Travis’s penultimate package from his Early Explorers subscription was all about space and – forgive me for saying it – he had a blast with this one!
The activity booklet this month was heavy on tracing (letters, shapes, names of planets), but I considered that a good thing, since it reinforces lessons Travis is getting in preschool. We might have liked to see a more detailed space craft or science project, though, since the topic lends itself so easily to both.
The craft was actually playing with the included keepsake this month (see below), a set of space-themed stamps and ink pads. The activity booklet included a blank page simply for “stamp fun.” Travis was thrilled seeing the images, including Jupiter, an astronaut, a solar system model, and more.
Once that page was filled, he needed more paper!
I loved watching his creativity as he stamped and then cut some of them out to play with.
As mentioned, it was a bit of a disappointment that the booklet didn’t feature a scientific experiment. But for “science,” we headed out to look at constellations. We also headed out one night to glimpse the International Space Station, You can check out when it will be in your area here. Travis got to stay up late (a treat!) so we could catch an 8.34 fly by. Looking, looking…
We think we saw it!
These were the space stamps, of course! See my notes above in the craft section.
Space Field Trip:
Although not recommended as a further activity, it seems only natural to visit a planetarium near you during this unit. Since Travis had done so recently on a school field trip, though, we headed to a fantastic local museum all about aviation, and focused on the final stretch of the museum: space travel.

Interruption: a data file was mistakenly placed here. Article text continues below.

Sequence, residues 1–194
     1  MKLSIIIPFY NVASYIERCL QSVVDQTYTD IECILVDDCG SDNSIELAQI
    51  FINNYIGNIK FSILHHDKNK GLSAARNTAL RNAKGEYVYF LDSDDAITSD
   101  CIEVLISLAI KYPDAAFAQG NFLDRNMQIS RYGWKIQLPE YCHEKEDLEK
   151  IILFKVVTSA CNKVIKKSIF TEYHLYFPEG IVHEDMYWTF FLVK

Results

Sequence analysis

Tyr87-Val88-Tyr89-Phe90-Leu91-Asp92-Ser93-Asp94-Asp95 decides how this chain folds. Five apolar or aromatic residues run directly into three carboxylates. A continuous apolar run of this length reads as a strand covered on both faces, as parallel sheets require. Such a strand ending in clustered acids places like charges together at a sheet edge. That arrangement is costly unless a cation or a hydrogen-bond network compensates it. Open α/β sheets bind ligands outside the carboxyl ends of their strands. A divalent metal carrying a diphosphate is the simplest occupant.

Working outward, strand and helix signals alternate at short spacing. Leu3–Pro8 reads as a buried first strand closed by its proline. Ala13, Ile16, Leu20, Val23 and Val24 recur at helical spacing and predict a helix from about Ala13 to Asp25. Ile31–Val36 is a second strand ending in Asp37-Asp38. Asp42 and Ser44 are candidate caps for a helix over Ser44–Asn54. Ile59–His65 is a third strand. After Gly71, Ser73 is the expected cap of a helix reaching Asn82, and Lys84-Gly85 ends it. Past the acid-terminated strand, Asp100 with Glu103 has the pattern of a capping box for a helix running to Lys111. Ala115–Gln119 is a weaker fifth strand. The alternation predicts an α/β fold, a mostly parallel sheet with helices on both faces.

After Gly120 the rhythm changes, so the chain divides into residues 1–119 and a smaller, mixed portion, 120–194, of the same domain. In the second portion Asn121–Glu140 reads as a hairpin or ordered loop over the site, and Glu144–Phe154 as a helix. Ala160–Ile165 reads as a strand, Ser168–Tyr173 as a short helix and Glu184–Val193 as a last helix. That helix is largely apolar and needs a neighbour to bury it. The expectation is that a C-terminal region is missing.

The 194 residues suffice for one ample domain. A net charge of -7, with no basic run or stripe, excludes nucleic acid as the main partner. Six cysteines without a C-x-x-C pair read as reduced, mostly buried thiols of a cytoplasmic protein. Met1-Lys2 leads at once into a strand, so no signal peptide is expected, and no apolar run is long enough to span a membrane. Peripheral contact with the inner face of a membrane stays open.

Travis has never shown much interest in this section before, but now he was enthralled. He got to simulate landing a space shuttle, see a real moon lander, explore a model of a future space station on Mars, and more.
Space Further Activities:
First, we checked out NASA’s website to see what astronauts are currently up to. Travis is captivated by the rovers on Mars!
Then, we found a blog post on Little Passport’s website about World Space Week. First we made a comet: attach aluminum foil around the tip of a craft stick to form a ball.
Cut metallic-colored ribbon into pieces about 6 inches long; attach to the stick.
Travis loved making his comet soar!
Then we designed an alien. Let your kid’s imagination run wild here!
Travis’s alien was green; he started with its belly, and said it had a belly ache which made it a mean alien – oh no!
I took him in front of his Little Passport’s map and had him close his eyes and point (you could also do this with a spinning globe). His finger landed on Africa, and his challenge was to describe Africa to an alien who’d never been to Earth. This might be easier for younger kids if you default to having them describe their hometown.
You can also bring space into your home with fun decorations. We traced stars and moons using a cookie cutter on construction paper, and also added glow-in-the-dark stars.
I sent a secret loving message on one section of wall. Travis made a “comet” and the “big dipper” in his area!
For some final learning, we went to the library for a books about space (he loved one about Mars, and another about the gas giants), and also found links online to learn more about comets and meteors, including this kid-friendly video.
As I said, what a blast!